Persistent negligence, recurring waterway accidents worrying

Published: 00:00, Jul 07,2020

 
 

IN BANGLADESH, waterways are considered among the deadliest in the world. The recent deaths in a tragic accident in the River Buriganga are suggestive of this reality. On June 29, Morning Bird, which was coming to Dhaka from Munshiganj, capsized in the river after it was hit by another launch Moyur-2 near Sadarghat launch terminal which left at least 34 passengers dead. According to a report of the National Committee to Protect Shipping, Roads and Railways, and the Green Club of Bangladesh, more than 153 people were killed and 84 other injured in 106 waterways accidents in the last six months. In addition, 22 people remained missing in those accidents during the same period. The number of such accidents, as the report suggests, has increased compared to that in the same period last year, when 71 people were killed in 76 accidents. Yet passengers’ safety in waterways has not been a priority concern for the Bangladesh Inland Water Transport Authority and the shipping ministry. The fact that none of the accused named in the case in relations to the Morning Bird capsize are arrested, a week after the accident, indicates the insincerity of the authority in making the water transport safe.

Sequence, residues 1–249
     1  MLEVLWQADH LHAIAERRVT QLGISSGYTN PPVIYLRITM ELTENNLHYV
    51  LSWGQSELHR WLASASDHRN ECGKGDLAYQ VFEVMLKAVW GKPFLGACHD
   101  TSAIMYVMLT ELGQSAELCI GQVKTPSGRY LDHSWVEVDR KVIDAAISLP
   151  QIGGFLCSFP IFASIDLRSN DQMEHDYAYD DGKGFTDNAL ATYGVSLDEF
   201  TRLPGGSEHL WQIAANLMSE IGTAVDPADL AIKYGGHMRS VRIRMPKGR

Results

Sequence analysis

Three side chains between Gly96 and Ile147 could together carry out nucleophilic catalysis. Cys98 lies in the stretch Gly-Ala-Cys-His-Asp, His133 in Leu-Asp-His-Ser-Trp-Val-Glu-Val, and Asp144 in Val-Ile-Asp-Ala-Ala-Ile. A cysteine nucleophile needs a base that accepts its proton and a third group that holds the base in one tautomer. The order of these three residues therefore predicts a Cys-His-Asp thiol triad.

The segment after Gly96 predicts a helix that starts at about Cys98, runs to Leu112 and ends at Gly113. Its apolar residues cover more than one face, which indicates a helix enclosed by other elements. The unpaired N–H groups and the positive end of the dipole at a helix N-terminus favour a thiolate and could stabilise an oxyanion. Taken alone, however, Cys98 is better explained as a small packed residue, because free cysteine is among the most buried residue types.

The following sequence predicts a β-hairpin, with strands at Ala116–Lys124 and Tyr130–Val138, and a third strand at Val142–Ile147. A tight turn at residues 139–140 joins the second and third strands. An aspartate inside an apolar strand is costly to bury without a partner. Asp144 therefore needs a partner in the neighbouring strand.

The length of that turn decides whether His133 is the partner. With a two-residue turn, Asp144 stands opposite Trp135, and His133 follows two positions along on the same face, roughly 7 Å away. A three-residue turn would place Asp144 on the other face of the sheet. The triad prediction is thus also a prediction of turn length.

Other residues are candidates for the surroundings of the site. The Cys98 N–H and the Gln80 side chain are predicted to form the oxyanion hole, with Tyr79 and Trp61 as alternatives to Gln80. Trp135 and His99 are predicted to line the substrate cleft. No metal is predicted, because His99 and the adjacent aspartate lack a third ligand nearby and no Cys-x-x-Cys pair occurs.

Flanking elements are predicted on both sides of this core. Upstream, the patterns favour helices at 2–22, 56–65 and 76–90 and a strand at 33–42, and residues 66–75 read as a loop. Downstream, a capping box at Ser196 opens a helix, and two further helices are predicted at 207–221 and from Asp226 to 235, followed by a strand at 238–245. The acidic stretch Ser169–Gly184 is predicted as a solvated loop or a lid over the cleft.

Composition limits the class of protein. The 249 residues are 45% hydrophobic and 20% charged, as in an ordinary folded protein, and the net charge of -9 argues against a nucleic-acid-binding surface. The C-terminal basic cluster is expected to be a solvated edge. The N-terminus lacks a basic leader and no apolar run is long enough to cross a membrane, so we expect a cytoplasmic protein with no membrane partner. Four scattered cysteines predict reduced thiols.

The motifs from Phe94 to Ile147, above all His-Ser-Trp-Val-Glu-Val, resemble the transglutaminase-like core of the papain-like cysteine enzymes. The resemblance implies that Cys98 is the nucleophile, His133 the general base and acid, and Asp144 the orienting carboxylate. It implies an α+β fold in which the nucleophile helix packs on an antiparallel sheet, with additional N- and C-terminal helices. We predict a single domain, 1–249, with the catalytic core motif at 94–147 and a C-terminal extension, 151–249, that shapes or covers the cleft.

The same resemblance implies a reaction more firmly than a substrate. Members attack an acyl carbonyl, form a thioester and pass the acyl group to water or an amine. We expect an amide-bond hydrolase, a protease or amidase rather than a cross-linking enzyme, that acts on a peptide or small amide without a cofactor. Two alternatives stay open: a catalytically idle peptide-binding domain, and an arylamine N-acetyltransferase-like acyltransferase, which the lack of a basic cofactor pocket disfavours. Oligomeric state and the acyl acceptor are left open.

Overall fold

The Sadarghat river police have filed a case against the owner and five other employees of Mayur-2, the launch that slammed Morning Bird and the court has ordered to submit the police investigation report by August 17. Meanwhile, two probe committees were formed to investigate the accident that has submitted its report on Monday. In the context of Bangladesh, it is important that the authorities concerned submit their investigation reports in due time and make them public, but it is even more crucial is to act on the recommendations made by such committees. After each accident, in a rather business-as-usual approach, probe committees are formed and recommendations are made, but they are rarely acted upon. Old and unfit watercrafts are allowed to carry passengers creating scope for recurring accidents. Ideally, the Department of Shipping is responsible for inland water safety and the approval of designs and plans of inland ships. In reality, there is a tendency among owners to go for design approval after the construction. Making illegal and dangerous modifications like changing the length, breadth or height of the launch without prior consultation with qualified naval architects is not uncommon. Unskilled masters in the waterways are also one of the reasons behind the high accident rate in Bangladesh. 

In Bangladesh, a country of rivers, adequate attention to the water transport sector could definitely take the burden off the road transport sector. For the government to make the waterways safe for its passengers, it must attend to the persistent failure of the monitoring system in place to check the fitness of watercrafts and skills of masters operating them. In addition, negligent owners and officials who compromise passengers’ safety for profits must be brought to justice. Irregularities and corruption risking passengers safety can no longer go unabated.

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